We are reviewing Bob Cialdini’s seminal book “Influence” and are in the second part of the second category of triggers that produce automated responses.
This category is called “commitment and consistency” and the basic idea is very simple. Once people make a commitment to a thing, they tend to act subsequently in a manner that is consistent with it. The Chinese used this tactic against US prisoners during the Korean war. They did not try to coerce the prisoners. But they did prod them to voluntarily write down comments that had anti-war implications. The prisoners were prodded to write more pro-Chinese statements as they cooperated more. The effects were dramatic. The prisoners collaborated with their captors and few escaped.
Why does this work? It seems that the mere act of writing something down has the effect of making a commitment to be what was written. So, if you enter a contest to write “Why I like … (a given product)” you may end up actually liking that product. An active demonstration of commitment is more effective than a mere intellectual or verbal one. The effect is greater still when the writing is made public. And the commitment is stronger still when it requires effort.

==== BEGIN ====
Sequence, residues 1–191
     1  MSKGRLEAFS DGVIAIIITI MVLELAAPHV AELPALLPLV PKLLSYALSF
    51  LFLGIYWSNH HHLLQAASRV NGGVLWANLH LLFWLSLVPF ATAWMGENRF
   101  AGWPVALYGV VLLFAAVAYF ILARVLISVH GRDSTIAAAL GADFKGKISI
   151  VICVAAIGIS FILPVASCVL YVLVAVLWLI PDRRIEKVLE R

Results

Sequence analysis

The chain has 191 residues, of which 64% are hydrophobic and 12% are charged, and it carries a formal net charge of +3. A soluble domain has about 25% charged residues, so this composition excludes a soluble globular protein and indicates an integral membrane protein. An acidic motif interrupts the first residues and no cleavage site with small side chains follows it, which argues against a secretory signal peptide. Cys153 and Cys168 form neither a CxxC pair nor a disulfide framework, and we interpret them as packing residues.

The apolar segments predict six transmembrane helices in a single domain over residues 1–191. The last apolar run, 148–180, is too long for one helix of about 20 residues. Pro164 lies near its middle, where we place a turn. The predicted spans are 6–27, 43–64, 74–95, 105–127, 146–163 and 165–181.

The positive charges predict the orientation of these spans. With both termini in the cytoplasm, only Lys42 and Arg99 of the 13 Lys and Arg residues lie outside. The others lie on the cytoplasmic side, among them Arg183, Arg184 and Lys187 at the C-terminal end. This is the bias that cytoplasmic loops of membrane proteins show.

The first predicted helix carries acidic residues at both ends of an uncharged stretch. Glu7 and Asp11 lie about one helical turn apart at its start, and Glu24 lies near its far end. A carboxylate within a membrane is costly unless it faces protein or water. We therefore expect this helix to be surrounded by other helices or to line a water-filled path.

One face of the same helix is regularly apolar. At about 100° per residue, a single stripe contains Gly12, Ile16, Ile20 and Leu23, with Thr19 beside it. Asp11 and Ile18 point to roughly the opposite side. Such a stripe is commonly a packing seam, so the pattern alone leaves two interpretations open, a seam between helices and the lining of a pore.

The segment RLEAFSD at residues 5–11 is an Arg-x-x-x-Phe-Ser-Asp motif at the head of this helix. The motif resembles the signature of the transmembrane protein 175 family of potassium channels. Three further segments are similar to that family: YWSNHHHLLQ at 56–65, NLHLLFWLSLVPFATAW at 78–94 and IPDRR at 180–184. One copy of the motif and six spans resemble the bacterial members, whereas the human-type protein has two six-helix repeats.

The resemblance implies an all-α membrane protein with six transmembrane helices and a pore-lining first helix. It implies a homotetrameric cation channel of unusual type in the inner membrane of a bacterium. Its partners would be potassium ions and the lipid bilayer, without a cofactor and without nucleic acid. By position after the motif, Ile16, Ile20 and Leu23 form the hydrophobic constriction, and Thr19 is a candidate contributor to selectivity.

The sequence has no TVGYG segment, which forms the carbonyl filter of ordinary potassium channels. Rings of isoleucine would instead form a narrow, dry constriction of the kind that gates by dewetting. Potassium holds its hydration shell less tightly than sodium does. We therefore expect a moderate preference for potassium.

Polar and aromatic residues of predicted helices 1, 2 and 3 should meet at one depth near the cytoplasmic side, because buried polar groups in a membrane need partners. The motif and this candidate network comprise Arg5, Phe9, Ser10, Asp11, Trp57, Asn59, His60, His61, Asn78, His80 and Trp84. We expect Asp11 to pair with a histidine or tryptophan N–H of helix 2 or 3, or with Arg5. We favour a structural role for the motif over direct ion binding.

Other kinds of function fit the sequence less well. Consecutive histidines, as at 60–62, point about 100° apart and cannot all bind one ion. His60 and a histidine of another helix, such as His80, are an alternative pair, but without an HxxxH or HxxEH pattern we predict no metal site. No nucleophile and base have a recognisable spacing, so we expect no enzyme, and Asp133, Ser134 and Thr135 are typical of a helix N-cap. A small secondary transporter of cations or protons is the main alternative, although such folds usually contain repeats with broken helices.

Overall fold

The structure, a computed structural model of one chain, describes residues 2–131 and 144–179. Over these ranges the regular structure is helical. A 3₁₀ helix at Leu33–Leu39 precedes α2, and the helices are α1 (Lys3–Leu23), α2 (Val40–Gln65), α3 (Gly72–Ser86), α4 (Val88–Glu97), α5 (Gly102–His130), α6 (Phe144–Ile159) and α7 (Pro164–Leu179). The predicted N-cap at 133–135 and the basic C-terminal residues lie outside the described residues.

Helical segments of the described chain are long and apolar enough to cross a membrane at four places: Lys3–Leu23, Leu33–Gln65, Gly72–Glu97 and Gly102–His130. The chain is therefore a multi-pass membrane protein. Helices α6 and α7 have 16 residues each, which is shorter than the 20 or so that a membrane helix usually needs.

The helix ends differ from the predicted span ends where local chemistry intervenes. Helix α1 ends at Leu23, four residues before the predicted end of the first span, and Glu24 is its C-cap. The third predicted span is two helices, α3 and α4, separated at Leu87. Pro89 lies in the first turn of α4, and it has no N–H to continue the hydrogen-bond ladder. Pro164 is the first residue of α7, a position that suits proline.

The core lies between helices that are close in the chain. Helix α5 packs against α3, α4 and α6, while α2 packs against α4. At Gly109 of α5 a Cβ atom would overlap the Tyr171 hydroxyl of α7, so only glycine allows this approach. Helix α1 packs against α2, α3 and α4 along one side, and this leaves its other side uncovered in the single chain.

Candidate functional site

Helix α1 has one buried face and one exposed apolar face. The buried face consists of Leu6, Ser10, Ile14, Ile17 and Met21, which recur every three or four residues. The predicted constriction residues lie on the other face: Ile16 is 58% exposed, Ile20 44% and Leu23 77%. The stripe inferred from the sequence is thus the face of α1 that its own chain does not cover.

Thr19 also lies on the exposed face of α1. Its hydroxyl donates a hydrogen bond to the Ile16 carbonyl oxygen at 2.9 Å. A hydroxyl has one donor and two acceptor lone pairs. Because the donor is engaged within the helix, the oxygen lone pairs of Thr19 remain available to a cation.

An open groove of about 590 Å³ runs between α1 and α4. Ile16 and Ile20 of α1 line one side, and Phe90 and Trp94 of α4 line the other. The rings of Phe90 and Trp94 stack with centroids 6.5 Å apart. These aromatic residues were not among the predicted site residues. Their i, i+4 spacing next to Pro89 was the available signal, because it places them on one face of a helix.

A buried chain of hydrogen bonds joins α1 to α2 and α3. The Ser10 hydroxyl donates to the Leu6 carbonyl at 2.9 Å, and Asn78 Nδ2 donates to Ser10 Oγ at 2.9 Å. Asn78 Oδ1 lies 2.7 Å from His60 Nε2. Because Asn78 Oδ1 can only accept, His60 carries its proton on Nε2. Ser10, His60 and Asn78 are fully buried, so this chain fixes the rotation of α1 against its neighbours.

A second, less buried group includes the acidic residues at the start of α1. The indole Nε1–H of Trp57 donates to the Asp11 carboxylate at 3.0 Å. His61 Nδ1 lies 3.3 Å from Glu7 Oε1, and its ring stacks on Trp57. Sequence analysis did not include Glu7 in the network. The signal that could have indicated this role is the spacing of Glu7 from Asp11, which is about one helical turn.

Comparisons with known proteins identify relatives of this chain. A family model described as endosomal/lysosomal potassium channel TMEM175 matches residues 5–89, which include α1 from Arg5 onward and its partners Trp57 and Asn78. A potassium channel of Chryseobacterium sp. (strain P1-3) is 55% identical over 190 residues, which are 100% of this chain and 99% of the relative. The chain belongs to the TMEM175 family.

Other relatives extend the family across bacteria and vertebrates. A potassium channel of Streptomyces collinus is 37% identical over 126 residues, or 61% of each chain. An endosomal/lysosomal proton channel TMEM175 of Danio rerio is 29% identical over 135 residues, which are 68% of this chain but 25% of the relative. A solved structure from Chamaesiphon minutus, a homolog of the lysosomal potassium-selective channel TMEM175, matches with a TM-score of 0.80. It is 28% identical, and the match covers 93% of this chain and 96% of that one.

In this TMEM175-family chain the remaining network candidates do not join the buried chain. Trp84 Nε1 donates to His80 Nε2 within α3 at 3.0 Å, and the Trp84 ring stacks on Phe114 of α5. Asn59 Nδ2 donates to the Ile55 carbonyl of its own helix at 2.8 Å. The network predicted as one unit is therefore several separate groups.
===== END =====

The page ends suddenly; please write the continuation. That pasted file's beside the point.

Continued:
This last idea – that when we make effort to commit to something, we become more loyal to it — helps to explain rather violent tribal initiation rites as well as fraternity hazing and military boot camp. they all share similar types of physical hardships. The more effort one has to expend to join a group, the greater one senses the value of membership.
But there is one more dimension to making this work – whether the commitment is made from within or without. That is next!